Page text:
Postoperative analgesia following surgical correction for adolescent idiopathic scoliosis: A comparison of continuous epidural analgesia and patient-controlled analgesia

Daniel J. Sucato, Allison Duey-Holtz, Emily Elerson, Fay Safavi

Research output: Contribution to journalArticle

39 Citations (Scopus)

Abstract

Study Design. A retrospective comparison of postoperative continuous epidural analgesia and patient-controlled analgesia following surgical treatment for adolescent idiopathic scoliosis. Objectives. To compare the safety and efficacy of continuous epidural analgesia and patient-controlled analgesia following adolescent idiopathic scoliosis surgery. Summary of Background Data. The most commonly used pain management techniques are continuous epidural analgesia and patient-controlled analgesia. However, no large published reports compare them following adolescent idiopathic scoliosis surgery. Methods. A review was performed from 1990 to 2001 of patients undergoing primary surgery for adolescent idiopathic scoliosis. Visual analog scale scores were recorded postoperatively at multiple time periods. Adverse effects related to each pain management technique were noted. Results. The average of all pain scores (1.3 vs. 1.9) (P < 0.0001) and scores at 2, 4, 6, 8, 12, 24, 36, and 48 hours (p < 0.001) was significantly better in the continuous epidural analgesia group when compared to the patient-controlled analgesia group. The range of pain scores (2.3 vs. 2.7) (P < 0.05) and the average maximum score was less in the continuous epidural analgesia group (2.6 vs. 3.2) (P < 0.05). The need to temporarily stop and then restart the pain management (12.3% vs. 7.0%) (P = 0.04) and premature permanent discontinuation (13.1% vs. 0.0%) (P < 0.001) was greater in the continuous epidural analgesia group than the patient-controlled analgesia group. No neurologic injuries occurred. Conclusions. Although both continuous epidural analgesia and patient-controlled analgesia provide effective pain control following surgery for adolescent idiopathic scoliosis, patients with continuous epidural analgesia had significantly better pain scores for all time periods, less fluctuations in pain, and lower maximum pain levels during the postoperative period.

Original languageEnglish (US)
Pages (from-to)211-217
Number of pages7
JournalSpine
Volume30
Issue number2
DOIs
StatePublished - Jan 15 2005

Fingerprint

Patient-Controlled Analgesia
Epidural Analgesia
Scoliosis
Analgesia
Pain
Pain Management
Nervous System Trauma
Visual Analog Scale
Postoperative Period
Safety

Keywords

  • Adolescent idiopathic scoliosis
  • Epidural analgesia
  • Patient-controlled analgesia

ASJC Scopus subject areas

  • Physiology
  • Clinical Neurology
  • Orthopedics and Sports Medicine

Cite this

Postoperative analgesia following surgical correction for adolescent idiopathic scoliosis : A comparison of continuous epidural analgesia and patient-controlled analgesia. / Sucato, Daniel J.; Duey-Holtz, Allison; Elerson, Emily; Safavi, Fay.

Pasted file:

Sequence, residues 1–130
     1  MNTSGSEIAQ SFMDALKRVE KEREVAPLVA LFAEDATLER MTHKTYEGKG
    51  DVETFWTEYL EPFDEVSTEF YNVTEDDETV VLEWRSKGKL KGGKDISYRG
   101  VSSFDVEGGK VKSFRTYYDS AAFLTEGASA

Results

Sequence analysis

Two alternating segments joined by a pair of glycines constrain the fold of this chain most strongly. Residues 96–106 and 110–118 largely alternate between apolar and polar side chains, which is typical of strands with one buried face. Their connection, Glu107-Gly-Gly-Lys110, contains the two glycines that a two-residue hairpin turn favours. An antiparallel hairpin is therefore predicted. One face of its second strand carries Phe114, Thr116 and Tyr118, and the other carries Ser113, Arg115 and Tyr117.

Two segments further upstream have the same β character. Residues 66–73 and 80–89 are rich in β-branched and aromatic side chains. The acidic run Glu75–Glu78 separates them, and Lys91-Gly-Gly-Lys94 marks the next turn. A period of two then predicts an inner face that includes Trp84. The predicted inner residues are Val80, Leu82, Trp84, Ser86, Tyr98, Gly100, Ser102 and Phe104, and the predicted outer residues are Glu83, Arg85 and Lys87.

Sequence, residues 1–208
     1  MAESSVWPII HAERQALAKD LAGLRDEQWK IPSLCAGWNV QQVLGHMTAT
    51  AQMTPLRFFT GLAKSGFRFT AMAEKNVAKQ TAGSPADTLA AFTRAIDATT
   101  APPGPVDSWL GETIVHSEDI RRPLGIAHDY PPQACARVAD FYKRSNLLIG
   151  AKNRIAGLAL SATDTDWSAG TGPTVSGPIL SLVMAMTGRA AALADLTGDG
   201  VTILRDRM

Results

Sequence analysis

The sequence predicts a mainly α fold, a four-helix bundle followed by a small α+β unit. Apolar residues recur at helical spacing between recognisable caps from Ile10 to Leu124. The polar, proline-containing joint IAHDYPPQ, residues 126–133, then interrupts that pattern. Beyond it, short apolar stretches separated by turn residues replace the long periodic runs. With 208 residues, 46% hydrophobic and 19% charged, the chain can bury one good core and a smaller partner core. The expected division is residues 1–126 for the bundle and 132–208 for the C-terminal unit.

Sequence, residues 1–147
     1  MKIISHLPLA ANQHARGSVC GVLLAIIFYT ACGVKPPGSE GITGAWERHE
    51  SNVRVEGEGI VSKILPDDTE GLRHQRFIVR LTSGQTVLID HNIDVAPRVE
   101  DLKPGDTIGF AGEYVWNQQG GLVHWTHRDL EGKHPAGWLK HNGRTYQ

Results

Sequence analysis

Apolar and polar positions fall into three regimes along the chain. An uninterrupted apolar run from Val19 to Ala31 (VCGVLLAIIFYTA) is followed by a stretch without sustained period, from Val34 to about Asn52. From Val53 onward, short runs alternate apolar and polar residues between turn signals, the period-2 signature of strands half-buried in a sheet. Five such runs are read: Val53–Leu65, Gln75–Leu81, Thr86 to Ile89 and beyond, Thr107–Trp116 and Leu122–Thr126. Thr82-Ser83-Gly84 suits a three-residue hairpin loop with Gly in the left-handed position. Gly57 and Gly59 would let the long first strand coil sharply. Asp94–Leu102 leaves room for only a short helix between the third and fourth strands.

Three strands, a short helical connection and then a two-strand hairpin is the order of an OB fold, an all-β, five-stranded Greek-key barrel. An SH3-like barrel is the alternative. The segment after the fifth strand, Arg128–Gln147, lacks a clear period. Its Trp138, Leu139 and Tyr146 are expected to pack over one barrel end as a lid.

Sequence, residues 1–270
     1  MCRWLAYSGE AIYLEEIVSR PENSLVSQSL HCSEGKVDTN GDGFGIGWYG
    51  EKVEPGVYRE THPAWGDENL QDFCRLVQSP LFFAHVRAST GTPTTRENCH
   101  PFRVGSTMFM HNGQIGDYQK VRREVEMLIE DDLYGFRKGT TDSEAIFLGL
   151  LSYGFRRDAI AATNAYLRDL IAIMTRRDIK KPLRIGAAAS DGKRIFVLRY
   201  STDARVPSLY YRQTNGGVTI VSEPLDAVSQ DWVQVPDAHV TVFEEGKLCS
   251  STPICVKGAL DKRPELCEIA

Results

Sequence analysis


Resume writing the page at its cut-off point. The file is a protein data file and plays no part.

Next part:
In: Spine, Vol. 30, No. 2, 15.01.2005, p. 211-217.

Research output: Contribution to journalArticle

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abstract = "Study Design. A retrospective comparison of postoperative continuous epidural analgesia and patient-controlled analgesia following surgical treatment for adolescent idiopathic scoliosis. Objectives. To compare the safety and efficacy of continuous epidural analgesia and patient-controlled analgesia following adolescent idiopathic scoliosis surgery. Summary of Background Data. The most commonly used pain management techniques are continuous epidural analgesia and patient-controlled analgesia. However, no large published reports compare them following adolescent idiopathic scoliosis surgery. Methods. A review was performed from 1990 to 2001 of patients undergoing primary surgery for adolescent idiopathic scoliosis. Visual analog scale scores were recorded postoperatively at multiple time periods. Adverse effects related to each pain management technique were noted. Results. The average of all pain scores (1.3 vs. 1.9) (P < 0.0001) and scores at 2, 4, 6, 8, 12, 24, 36, and 48 hours (p < 0.001) was significantly better in the continuous epidural analgesia group when compared to the patient-controlled analgesia group. The range of pain scores (2.3 vs. 2.7) (P < 0.05) and the average maximum score was less in the continuous epidural analgesia group (2.6 vs. 3.2) (P < 0.05). The need to temporarily stop and then restart the pain management (12.3{\%} vs. 7.0{\%}) (P = 0.04) and premature permanent discontinuation (13.1{\%} vs. 0.0{\%}) (P < 0.001) was greater in the continuous epidural analgesia group than the patient-controlled analgesia group. No neurologic injuries occurred. Conclusions. Although both continuous epidural analgesia and patient-controlled analgesia provide effective pain control following surgery for adolescent idiopathic scoliosis, patients with continuous epidural analgesia had significantly better pain scores for all time periods, less fluctuations in pain, and lower maximum pain levels during the postoperative period.",
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